Penn Presidential Professor of Practice and former Vice President Joe Biden addressed a sold-out audience and held a conversation on the opioid crisis with Penn President Amy Gutmann at Irvine Auditorium on Thursday.
Biden was joined by fellow Penn Presidential Professor of Practice and former Florida Governor Jeb Bush, Mayor of Philadelphia Jim Kenney, Penn professor of emergency medicine Jeanmarie Perrone, and Harvard professor of psychobiology Bertha Madras.
The experts stressed the severity of the nationwide opioid crisis, clarified the benefits of decriminalizing addiction, and the need to change the country's culture to reduce dependence on such drugs.
Gutmann introduced the event by labeling the opioid epidemic as the "deadliest drug crisis in American history," declaring that "no family is immune" and that the crisis "cuts across all communities and affects every corner of society."
Biden decried the overprescription of opioids by American doctors and the "greed" of drug companies. He stated the death tally from the current opioid crisis is larger than the American death toll from the Vietnam War.
"What we're seeing in an emergency room now is picking up the pieces of the 220 million prescriptions," Perrone, who is also a Penn emergency department physician, said.
Explaining why government has failed to deal with the opioid crisis, Biden said many politicians believe addiction is a matter of willpower, leading to a lack of funding for opioid prevention policies.
"It's a disease — it's a disease of the brain," Biden said, refuting what he said was a widespread misconception.
Madras agreed, stating addiction is a bio-behavioral disease that leads to compulsive use of drugs, and that many people cannot simply "climb out of that uncontrollable urge."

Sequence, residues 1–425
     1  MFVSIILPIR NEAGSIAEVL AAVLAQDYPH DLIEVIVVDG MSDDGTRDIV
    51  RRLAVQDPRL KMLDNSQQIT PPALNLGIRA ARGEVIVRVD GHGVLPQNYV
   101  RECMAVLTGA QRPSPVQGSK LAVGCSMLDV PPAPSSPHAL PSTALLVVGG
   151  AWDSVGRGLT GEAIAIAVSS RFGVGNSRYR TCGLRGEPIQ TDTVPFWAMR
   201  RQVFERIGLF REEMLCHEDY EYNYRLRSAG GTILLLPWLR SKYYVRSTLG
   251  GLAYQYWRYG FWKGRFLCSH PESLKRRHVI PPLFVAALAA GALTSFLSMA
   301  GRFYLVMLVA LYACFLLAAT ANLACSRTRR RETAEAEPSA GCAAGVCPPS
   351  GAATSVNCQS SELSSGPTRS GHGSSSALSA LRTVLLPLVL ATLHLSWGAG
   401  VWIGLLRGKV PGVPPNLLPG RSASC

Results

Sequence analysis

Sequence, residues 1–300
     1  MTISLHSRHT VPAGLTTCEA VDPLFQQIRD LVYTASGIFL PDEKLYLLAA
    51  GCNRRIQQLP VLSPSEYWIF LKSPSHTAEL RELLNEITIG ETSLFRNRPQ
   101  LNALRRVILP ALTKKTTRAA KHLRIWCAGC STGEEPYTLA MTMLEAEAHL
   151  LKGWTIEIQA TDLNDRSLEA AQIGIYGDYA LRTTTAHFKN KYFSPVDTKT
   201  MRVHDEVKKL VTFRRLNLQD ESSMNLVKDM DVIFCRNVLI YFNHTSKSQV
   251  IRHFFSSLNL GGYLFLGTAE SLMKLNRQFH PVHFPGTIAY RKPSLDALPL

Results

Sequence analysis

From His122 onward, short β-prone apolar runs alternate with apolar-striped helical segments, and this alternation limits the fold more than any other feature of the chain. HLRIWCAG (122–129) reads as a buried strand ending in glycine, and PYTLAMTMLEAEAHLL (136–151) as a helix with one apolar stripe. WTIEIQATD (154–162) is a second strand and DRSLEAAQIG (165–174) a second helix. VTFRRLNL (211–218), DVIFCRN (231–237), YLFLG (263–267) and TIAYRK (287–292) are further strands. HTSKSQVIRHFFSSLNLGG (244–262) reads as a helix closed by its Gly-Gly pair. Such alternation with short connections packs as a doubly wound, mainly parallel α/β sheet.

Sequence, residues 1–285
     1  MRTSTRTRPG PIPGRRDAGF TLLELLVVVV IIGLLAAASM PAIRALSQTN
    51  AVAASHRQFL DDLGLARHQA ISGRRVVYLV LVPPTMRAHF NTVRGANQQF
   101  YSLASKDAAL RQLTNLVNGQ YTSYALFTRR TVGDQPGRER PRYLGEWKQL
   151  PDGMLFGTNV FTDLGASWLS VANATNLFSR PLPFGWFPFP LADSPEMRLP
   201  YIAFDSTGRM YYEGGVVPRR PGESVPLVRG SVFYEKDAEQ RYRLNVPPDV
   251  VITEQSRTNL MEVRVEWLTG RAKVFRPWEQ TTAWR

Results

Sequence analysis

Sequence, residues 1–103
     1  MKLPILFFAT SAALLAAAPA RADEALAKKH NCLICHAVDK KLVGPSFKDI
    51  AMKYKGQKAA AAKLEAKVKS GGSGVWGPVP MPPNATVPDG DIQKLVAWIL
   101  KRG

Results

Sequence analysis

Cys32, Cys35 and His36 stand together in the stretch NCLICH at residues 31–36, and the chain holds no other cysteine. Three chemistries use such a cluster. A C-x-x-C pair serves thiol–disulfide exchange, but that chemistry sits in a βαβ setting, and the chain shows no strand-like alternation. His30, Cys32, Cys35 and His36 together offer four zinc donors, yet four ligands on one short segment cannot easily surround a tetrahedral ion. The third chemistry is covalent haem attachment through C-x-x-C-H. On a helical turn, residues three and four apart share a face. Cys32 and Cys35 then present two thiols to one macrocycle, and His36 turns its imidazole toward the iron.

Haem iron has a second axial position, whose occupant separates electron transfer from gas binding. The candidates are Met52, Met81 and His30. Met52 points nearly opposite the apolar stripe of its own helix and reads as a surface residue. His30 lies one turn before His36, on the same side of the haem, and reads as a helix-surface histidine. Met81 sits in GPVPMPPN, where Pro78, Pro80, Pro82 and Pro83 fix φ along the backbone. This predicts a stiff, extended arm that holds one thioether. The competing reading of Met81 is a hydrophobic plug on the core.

In the face of Philadelphia's opioid crisis, Kenney said the city learned to decriminalize addiction. In order to combat the epidemic, he said Philadelphia launched the Resilience Project, which includes treatment facilities.
"We don't want to lock people up, it makes things that much worse," Kenney said. "I think we have to do a whole lot more of that diversion in order to have some impact."
The experts discussed treatment options for opioid addiction and solutions for the crisis, with the doctors describing medical solutions and the politicians proposing legislation and government action.
Perrone praised the "tremendous helpful" that drugs like Buprenorphine and Methadone do to stabilize the brain.
Madras analyzed the three stages of opioid demand reduction: prevention, intervention, and treatment.
"We have to understand that a lot of this begins at home and families," Madras said.
"It's not cool to take drugs in general," Bush said, mentioning the intersection of mental illness and addiction in terms of his daughter's struggles.
During his time as governor of Florida, Bush implemented drug courts and drug treatment facilities across the state, a move he described as an incredible success.
"This is a national challenge. If we marginalize it to the most vulnerable amongst the people we see on the screen, we miss the point," Bush said.
As the conversation transitioned to the role of illegal drugs, Kenney broadened the conversation to China, where he said most fentanyl originates from.
To stem the flow of drugs passing through the border, Biden proposed negotiating with the countries in question and implementing consequences for non-cooperation, as well as hiring additional personnel at legal ports of entry.
"I'm relatively optimistic and confident," Bush said, expressing hope for a decrease in the pain caused by the opioid crisis. "You're seeing a decline in prescription drugs."
As Gutmann asked what each panelist wished Americans would understand about the crisis, Bush said he wanted "to change our culture so that we don't default to taking a pill to solve our problems."
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